Another elements in the rivalry, most likely, is that we've had relative success against Georgia. I think a lot of Gamecocks have trouble seeing Florida and Tennessee as rivals because they've almost always beaten us, often badly, although that's changing to some degree with Tennessee. On the flip side, we have really strong records against Kentucky and Vandy, so it's hard to see them as rivals. (The two recent losses to Vandy have definitely given that series more of a sense of urgency, though.) Against Georgia, on the other hand, we're accustomed to a close game and an occasional victory, regardless of where the two teams are ranked. That's another reason why none of the other SEC series gets Gamecocks fans going like the one with UGA. Take that for what it's worth.

As an aside, I should add that I think the Arkansas series--the Hogs are our annual SEC West opponent--is gaining a bit of steam. The distance between the two schools works against a real sense of rivalry, but the series has been tight and has featured some memorable matchups over the years, leading to the perception among both fanbases that it's an important game.

5. What do you think will happen in the game? Who will win and how will it go down?

While I think both offenses will look somewhat more effective as they continue to shake off the rust, I think the game will likely still be the sort of defensive clunker that is the signature of this series. That being the case, I think the team that wins the turnover battle will probably win the game. I think Carolina can win that turnover battle if our defensive front really gets in Joe Cox's hair and makes trouble for him. If Cox buckles and throws picks or fumbles in these situations, the game could swing Carolina's way. However, my head ultimately says that that Georgia will likely win the battle. Although I thought Garcia protected the ball pretty well against N. C. State, I'm still concerned that he's got a ways to go before he can really limit the turnovers. If Georgia takes the run away and forces Garcia to throw a lot, then one would think there's a good chance he'll turn it over a couple of times, especially in a hostile environment. I'd love to see him prove me wrong, though, and I saw some evidence that he can against N. C. State. Still, I think this will probably be another close, perhaps ugly Georgia victory. Don't be surprised when pre-game hysteria prompts me to change my mind when I write my preview the day of the game, though.

Bonus question(s): Will Steve Spurrier coach past this season at South Carolina? Who do you want to replace him? Who will replace him?
Well, I hope he coaches next year. If he doesn't, that probably means that the season will have ended up being another lackluster one and that Spurrier has gotten tired of trying or, if things really get bad, that he's been forced out. If the season is a relative success, I think you will definitely see Spurrier stay. This is a young team that should be better next year, and Spurrier knows that he may have a window for success in 2010, with Florida losing most of their starting lineup, Tennessee losing a number of key defensive players, and all of the Big Three breaking in new starting QBs next year. (Actually, the fact that Florida is losing so much next year makes 2010 a window for all SEC East teams, as I expect the Gators won't take long to retool.)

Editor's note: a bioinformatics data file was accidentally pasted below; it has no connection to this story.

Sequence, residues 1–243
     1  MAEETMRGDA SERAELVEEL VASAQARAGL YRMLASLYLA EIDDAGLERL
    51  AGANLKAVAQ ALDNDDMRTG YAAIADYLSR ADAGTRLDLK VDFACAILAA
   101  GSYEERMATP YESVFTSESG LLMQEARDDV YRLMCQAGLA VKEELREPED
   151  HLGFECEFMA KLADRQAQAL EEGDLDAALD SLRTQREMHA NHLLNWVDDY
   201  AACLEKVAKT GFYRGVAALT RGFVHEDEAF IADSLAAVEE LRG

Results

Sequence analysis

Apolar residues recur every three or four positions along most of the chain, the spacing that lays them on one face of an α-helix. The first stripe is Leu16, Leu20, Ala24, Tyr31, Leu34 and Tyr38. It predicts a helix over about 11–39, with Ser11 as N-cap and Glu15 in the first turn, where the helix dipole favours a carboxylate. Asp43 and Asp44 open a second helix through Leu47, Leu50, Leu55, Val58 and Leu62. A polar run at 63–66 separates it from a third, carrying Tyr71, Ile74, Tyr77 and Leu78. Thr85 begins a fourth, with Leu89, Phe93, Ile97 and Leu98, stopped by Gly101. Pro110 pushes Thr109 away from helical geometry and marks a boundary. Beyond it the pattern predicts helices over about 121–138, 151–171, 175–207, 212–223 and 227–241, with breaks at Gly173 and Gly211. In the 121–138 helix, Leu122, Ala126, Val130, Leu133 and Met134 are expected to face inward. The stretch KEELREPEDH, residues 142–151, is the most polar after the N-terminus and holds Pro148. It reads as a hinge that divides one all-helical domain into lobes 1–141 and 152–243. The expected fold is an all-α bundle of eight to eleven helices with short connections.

I'll be honest, though. Spurrier has underachieved over the past two years, and if it wasn't for the fact that he seems to have made some permanent inroads in the recruiting game, I and a lot of other Gamecocks fans would be much less supportive of him. Spurrier needs to show some progress this year to truly win back the fanbase. With this being a young team and the schedule being a buzzsaw this year, I don't necessarily think that "progress" needs to be measured by a breakthrough season, wins-wise. However, I do think this team needs to win at least seven games, and I think that the offense needs, at the very least, to become competent. If those things don't happen and 2010 looks like it will be yet another season like the last two have been, then I think you'll see the fans really become restless.

As far as replacements go, whether it's this year or five years from now, I would like to see Mark Dantonio of Michigan State as the next coach. Dantonio is a former Carolina player and has proven he can win at MSU. He'd be a great guy to cement whatever progress Spurrier has achieved by the time Spurrier leaves. My second choice would probably be Florida DC and former Carolina DC Charlie Strong, a guy who really deserves to be a head coach somewhere soon. Another, less proven option might be East Carolina coach Skip Holtz. I think any of these guys would be good choices and would probably come here, depending on the situation. However, I do think it's important that Spurrier proves that it's possible to do more than win seven games per year here. If he can't do that, top coaches may be wary of the job. That's probably especially true of Dantonio, who needs some incentive to believe that coming home to Carolina wouldn't be in effect taking a worse job than the one he has right now.

Many thanks to Gamecock Man asking me to participate and his thoughtful answers.

1 comment:

  1. Tells you how tough it is to be a Carolina fan when the fan considers what they've done against Georgia as "relatively successful" considering our record against Carolina is comparable to our record against Vanderbilt.